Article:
A rescue team worked to find a missing miner at a northern Idaho silver mine Saturday by clearing debris from a collapsed tunnel more than a mile underground, officials said.
Hecla Mining Co. President Phil Baker said the collapse at the Lucky Friday Mine occurred Friday afternoon close to where two employees were working. One worker escaped without injuries, but there’s been no contact with the other, whose condition was unknown.
The missing miner’s name was not released.
“We are doing every effort possible to expedite this in a safe manner,” said Melanie Hennessey, a company spokeswoman. “It is a rescue mission.”
The mine is in Mullan, Idaho, a historic mountain mining town of 840 people in Idaho’s Panhandle. Baker said additional equipment was being flown in so crews could use a front-end loader remotely to dig away material clogging the tunnel.
“We’re securing the ground as we go,” Baker said. “We’re doing everything we can to reach the employee. We’re just very concerned for the miner and his family right now.”
Mike Dexter, another Hecla spokesman, said the two employees had just finished watering down blasted-out rock and ore when the collapse occurred about 75 feet from the end of the 6,150-foot deep tunnel. Officials say it’s unclear if the entire 75-foot section collapsed, or only a portion of it, possibly leaving the miner trapped on the other side.
“We don’t know if the collapse went all the way to the end,” Dexter said.
The mine employs roughly 275 workers, about 50 of whom were underground in various parts of the mine when the collapse occurred, Hennessey said.
On its website, Hecla describes itself as the oldest U.S.-based precious metals mining company in North America and the largest silver producer in the U.S. It is headquartered in Coeur d’Alene, Idaho.
Hecla currently produces silver from two mines, Greens Creek and Lucky Friday, a mine that has been operational since 1942 and is one of the nation’s deepest underground mines.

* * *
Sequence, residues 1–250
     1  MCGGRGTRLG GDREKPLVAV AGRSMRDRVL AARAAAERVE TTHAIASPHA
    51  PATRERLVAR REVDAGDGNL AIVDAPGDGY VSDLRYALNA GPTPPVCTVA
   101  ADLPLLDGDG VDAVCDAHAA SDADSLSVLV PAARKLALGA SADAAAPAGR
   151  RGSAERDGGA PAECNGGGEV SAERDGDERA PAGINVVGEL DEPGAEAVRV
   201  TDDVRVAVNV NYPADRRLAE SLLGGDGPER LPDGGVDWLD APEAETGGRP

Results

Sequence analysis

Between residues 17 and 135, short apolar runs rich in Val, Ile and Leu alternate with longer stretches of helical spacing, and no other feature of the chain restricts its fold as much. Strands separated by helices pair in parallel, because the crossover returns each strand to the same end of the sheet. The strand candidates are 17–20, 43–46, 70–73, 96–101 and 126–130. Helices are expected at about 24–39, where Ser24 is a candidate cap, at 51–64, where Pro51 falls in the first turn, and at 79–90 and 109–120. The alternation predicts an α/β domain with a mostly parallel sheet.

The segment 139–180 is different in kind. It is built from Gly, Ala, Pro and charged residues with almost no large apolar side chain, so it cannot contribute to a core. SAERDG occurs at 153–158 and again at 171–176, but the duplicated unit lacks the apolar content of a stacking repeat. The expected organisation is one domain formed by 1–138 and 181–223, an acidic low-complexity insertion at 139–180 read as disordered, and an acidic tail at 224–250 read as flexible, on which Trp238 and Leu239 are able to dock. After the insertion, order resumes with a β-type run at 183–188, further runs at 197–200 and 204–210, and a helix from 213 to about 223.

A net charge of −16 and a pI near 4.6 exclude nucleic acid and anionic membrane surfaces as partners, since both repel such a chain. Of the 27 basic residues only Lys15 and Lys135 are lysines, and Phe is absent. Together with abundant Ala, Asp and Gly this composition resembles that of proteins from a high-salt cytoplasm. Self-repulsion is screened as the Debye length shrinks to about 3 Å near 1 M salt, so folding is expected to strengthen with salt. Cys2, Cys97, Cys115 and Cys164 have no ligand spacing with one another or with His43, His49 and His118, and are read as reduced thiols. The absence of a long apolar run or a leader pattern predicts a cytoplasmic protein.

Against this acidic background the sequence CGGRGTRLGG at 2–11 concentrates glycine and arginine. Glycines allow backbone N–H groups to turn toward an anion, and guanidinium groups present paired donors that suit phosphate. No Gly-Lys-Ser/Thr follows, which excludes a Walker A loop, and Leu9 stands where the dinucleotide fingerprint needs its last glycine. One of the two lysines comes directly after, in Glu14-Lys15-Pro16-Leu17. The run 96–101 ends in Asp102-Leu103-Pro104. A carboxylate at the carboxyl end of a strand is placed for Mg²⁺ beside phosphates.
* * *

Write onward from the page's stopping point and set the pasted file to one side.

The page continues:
Mine Safety and Health Administration officials were helping coordinate the rescue effort. So far, no cause for the collapse has been identified.
Baker said the collapse was in an area called a stove where mine material is watered down and cooled before being shipped to the next phase of processing.
“We’re not yet focused on how and why it occurred,” Baker said. “All of our efforts now are on rescuing the miner.”
Hecla Mining has been expanding its Lucky Friday Mine in the Silver Valley, spending $200 million in recent years to increase silver production by about 60 percent and extend the mine’s life beyond 2030.
The company appears to have a good record of health and safety at Lucky Friday. There have been no fatalities dating back to 2000, according to a Mine Safety and Health Administration database. The federal regulator has cited the mine for violations, but none in the last year specifically tied to the kind of accident that occurred Friday.
In 2009, the company agreed to pay $177,500 in fines for violating federal clean water laws at Lucky Friday. EPA investigators said the mine exceeded discharge levels for metals such as lead, zinc, cadmium and suspended solids between September 2008 and February 2009. Discharges flow into the South Fork Coeur d’Alene River above the town of Mullan.
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